Sunday, January 25, 2015

Ernie Banks: A Timely Home Run To Ruin A Dandy By Young Sandy!

Ernie Banks, who just passed away on Friday, was Mr. Cub. He hit more home runs between 1956 and 1960 than anyone in the bigs. His big year for RBIs was 1959. The year before that, he'd hit a career-high 45 round-trippers. But despite never playing in a World Series, he generally always had a flair for the dramatic. In 1959, he had one against a legend, who was not quite one yet!

Banks' Chicago Cubs were rarely in contention, sadly. In 1959, they finished fifth at 74-80. It was the Los Angeles Dodgers that won it all that year. And they crossed paths with the Chicago Cubs in early September in a pitcher's duel!

The Dodgers had a young and still-not-potential-fulfilling lefty, Sandy Koufax. Sandy had been on the Dodgers in Brooklyn in 1955 but never really pitched much. The staff was deep with pitchers like Johnny Podres, Don Newcombe and Don Drysdale. A move to Los Angeles in 1958 saw Sandy join the rotation. Although only 11-11 that season, it was a step forward. La-La land was helping this youngster!

1959 had started out rough for Sandy, at least at the start. It was Banks' Chicago Cubs that touched him up for three runs in three innings in his first start, April 12th. Things didn't get much better for Sandy. By May 2nd, he had pitched only five games and had an ERA of 12.27.

But things suddenly did get better. Koufax pitched well the rest of May and all of June. That ERA? Down to 3.58. Win-loss record? 5-1! Sandy had found it! Case and point, June 22nd vs. Philadelphia. All Sandy did was fan sixteen batters and surrender one run over a complete game win!

On July the 5th, he found himself on the mound in a relief appearance against Chicago. Koufax got into the action in the bottom of the seventh. Ernie Banks greeted him with a single. Although the Cubs eventually got another hit, Ernie watched in amazement as Koufax struck out the side. By the time he left the hill after 3 2/3 innings, Sandy had given up just one earned run and fanned six. Although he didn't get a decision or even a save, Sandy helped preserve a 5-3 win. Better still, his ERA was only 3.33 after this outing.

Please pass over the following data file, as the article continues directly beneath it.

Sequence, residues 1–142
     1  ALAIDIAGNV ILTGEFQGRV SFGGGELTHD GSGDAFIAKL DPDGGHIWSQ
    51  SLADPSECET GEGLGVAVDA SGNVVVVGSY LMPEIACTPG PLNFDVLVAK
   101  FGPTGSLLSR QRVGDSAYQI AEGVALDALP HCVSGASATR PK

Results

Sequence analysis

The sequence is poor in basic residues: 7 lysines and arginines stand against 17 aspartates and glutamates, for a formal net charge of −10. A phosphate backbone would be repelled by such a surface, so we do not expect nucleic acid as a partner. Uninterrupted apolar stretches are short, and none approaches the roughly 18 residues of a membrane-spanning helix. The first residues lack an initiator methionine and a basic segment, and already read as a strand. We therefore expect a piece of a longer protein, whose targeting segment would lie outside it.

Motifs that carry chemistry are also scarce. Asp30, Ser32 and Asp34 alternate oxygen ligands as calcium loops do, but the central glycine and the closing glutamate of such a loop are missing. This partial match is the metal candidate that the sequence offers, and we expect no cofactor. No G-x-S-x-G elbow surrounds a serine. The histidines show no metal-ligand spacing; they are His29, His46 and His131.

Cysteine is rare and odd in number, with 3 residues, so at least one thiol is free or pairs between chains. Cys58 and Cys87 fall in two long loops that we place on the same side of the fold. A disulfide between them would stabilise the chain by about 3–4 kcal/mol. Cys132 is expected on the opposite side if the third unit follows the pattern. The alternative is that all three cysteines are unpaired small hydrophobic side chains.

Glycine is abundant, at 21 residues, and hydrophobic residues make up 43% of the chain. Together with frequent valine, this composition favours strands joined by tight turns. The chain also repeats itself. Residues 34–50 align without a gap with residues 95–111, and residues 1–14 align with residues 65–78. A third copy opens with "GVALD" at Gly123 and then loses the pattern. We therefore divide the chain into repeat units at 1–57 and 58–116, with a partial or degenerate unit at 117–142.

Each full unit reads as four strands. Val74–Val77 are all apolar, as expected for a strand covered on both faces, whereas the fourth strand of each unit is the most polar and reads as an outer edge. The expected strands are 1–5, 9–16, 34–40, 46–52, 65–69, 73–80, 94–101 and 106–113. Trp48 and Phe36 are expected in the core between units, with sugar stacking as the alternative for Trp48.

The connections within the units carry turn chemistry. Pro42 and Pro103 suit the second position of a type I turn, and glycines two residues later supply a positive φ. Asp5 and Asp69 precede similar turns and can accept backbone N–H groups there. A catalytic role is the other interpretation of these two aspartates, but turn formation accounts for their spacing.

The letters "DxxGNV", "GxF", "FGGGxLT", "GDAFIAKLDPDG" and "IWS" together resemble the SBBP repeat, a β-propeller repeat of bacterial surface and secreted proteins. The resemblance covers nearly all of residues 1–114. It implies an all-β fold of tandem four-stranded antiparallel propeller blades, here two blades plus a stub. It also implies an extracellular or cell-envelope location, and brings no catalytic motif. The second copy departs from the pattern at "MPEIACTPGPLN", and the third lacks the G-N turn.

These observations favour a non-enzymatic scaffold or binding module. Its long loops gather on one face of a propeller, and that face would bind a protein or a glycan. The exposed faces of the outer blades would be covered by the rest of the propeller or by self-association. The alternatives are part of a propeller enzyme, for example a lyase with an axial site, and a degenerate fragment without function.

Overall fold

But a sore arm shelved Koufax not long after. He missed the rest of July, and it took him a bit to find his groove. But once he found it, watch out. The Los Angeles Dodgers really had something special in Koufax, and soon everybody knew that, too!

Sandy fanned thirteen batters and gave up just two earned runs in an 8-2 win over Philly on August 24. That upped his record to 7-4. And when Sandy fanned eighteen batters in his next start on August 31st, it was enough for a 5-2 win over the Giants. Koufax's record was a pretty-good 8-4. His ERA (At 4.06 on August 19th) continued to drop, and was now 3.76. The National League ERA that year would be 3.95, so Sandy was below that.

His next start was a week later on September 6th of that season was at home against Ernie Banks' Chicago Cubs. But what about Ernie? What was he doing well Sandy was putting his enormous talent together? Quite a lot, let me tell you!

Having driven in five runs on May 13th vs. Cincinnati, having hit two home runs on April 14th and again on July 29th, he was having quite the year. Through 133 games, Ernie had 38 home runs and 124 RBIs, plus a .296 batting average and 82 runs scored. That was one great year for anyone, and it wasn't over yet!

So Sandy took the hill in Banks' 134 game of the season. He was looking for another win, low-run, high K, game. And he got it. The only thing separating him from his ninth win was Ernie Banks, as it turns out!

Sandy seemed to have it. It was the first game of a double-header, and the Dodgers looked to Koufax to set the tone in the opener.

It wasn't easy in the top of the first. The Cubs put two men on, but Sandy fanned Ernie for the second out. When he threw wild on the very first pitch to the next batter, Alvin Dark tried to score from third. Alvin was out at home, and Sandy got 'em 1-2-3 the next three innings!

In the top of the fifth, the Cubs got two runners on via a double and an intentional walk, but Sandy K'd the side. That brought his strikeout total to six, already.

The sixth inning was also a struggle for Koufax. He got the first two batters out, including his seventh K, but then the trouble started. A walk brought Banks to the dish. And Sandy screwed up by committing a balk on the first pitch to Ernie. Koufax was forced to walk him intentionally. But Sandy got out of there with no further damage as he got Art Schult out on a fly ball.

The seventh inning saw Sandy dig deep again to get himself out of a jam. It was again, partly his fault. After getting the first batter out, he walked Bobby Thompson. Yes, that's the Bobby Thompson that hit the home run to win the pennant for the Giants in 1951. Back when they were in New York and the Dodgers were in Brookly. Flash forward to 2014 and the Giants won the pennant again with a home run. Some things don't change. But Koufax needed to change some of his bad habits at this point. Namely, throwing too hard. It left him prone to a lot of strikeouts but plenty of wildness.

A single moved Thompson to second as there was still only one out. Koufax again got out of the jam. But it seemed like only a matter of time before the Cubs got the knockout blow. And the win, for good measure.